Dating j salmon postcards
The first scenes were black-and-white views of Sevenoaks. One of the firm's biggest coups was commissioning watercolour artist A. During the Second World War, with paper and ink in short supply, J.
Salmon produced morale-boosting patriotic postcards. The firm, which employs 50 staff, has until now fought off competition from the digital camera by producing larger, glossier photographs and updating its stunning photographic views of Britain.
They expanded over the years to print other items such as postcards.
In 1902 they became the first business to install air conditioning to to enhance printing conditions affected by humidity in their Brooklyn factory.
Bem, Bevenshtam, Bilbin, Pimonenko, Smukrovich, and Zarubin.
Charles Wilhelms worked as a printer in the lithography shops of Seibert & Brother and Snyder & Black before becoming a partner in Schmolze Bros. In 1882 He formed a partnership with Robert Sackett and Edward Betzig to become Sackett, Wilhelms & Betzig.
They wrote: 'Increasingly challenging trading conditions and changes to the nature and size of the market for its publications have resulted in uncertainty over the viability of its trade going forward.'Charles Salmon further explained the reason behind the decision to The Mail on Sunday, citing 'mobile phones and new technologies, changing spending and holiday patterns'.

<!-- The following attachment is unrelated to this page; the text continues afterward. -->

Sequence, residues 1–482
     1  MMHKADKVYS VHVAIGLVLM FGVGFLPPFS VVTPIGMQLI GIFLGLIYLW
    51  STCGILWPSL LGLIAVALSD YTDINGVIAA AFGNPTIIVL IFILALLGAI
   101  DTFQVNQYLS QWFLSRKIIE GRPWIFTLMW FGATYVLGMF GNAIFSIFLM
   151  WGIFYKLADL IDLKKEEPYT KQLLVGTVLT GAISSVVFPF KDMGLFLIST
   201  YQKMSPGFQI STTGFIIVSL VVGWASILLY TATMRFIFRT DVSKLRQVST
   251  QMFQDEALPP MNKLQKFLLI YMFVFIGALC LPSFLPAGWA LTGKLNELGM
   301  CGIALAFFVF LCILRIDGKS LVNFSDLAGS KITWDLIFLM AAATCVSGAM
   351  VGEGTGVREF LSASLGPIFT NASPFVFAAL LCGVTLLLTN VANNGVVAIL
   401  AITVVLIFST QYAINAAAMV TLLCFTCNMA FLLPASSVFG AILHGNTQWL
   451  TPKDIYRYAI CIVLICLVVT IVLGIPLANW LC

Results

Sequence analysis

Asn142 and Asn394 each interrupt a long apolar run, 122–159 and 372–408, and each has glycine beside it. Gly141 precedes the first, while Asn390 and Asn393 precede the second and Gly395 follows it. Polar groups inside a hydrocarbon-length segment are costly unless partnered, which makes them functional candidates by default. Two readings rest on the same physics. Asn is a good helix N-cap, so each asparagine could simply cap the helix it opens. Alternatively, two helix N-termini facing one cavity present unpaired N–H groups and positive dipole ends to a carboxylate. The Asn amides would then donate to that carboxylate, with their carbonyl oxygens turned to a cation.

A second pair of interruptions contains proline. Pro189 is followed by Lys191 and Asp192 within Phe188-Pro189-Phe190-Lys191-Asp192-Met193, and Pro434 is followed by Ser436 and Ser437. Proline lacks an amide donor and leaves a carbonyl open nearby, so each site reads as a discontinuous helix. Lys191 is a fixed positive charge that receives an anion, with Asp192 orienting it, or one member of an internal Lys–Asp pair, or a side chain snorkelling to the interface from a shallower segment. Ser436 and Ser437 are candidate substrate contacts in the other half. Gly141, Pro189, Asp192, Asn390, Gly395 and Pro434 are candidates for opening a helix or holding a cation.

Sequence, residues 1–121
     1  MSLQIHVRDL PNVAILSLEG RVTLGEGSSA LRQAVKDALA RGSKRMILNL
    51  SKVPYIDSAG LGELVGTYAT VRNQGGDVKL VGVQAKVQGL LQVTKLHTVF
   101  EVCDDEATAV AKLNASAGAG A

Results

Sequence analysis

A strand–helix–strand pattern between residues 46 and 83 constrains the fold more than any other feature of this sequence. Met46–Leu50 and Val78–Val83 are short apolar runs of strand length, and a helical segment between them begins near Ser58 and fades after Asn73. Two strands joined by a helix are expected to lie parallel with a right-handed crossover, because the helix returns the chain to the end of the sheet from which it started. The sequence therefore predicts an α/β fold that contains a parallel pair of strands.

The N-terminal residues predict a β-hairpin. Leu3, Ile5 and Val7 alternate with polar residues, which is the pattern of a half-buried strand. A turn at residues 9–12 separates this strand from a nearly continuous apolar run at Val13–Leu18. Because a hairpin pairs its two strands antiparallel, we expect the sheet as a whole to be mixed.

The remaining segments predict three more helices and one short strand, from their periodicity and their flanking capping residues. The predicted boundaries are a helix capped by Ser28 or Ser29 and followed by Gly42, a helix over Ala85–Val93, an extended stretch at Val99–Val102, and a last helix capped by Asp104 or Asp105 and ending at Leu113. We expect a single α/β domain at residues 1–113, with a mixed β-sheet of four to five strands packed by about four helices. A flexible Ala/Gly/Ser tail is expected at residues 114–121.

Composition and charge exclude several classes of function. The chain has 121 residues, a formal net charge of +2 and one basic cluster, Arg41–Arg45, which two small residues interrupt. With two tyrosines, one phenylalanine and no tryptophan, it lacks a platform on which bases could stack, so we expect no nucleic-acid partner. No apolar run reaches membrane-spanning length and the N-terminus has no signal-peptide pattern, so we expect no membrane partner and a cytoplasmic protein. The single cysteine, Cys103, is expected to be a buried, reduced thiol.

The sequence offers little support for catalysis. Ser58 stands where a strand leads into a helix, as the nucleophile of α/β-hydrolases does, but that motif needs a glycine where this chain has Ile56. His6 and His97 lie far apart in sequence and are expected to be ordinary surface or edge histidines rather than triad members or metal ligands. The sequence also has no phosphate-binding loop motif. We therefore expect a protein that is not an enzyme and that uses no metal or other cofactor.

He added: 'People are going for shorter breaks, not for a fortnight, so you're back home before your postcards have arrived.'Established by Joseph Salmon, a London bookseller when he bought a stationer's and printing shop in Sevenoaks, the family business expanded when his eldest son, also called Joseph, started printing picture postcards in 1900. His world of thatched cottages, spired churches, horse and carts, uniformed maids and rosy-cheeked children in Sunday best soon gained a huge following.
It is, therefore, sometimes difficult to actually date a particular image, if as is usual, no date is actually printed on the card.
Even a postmarked postcard may be misleading as it might well have laid unsold or unused for several years before being mailed.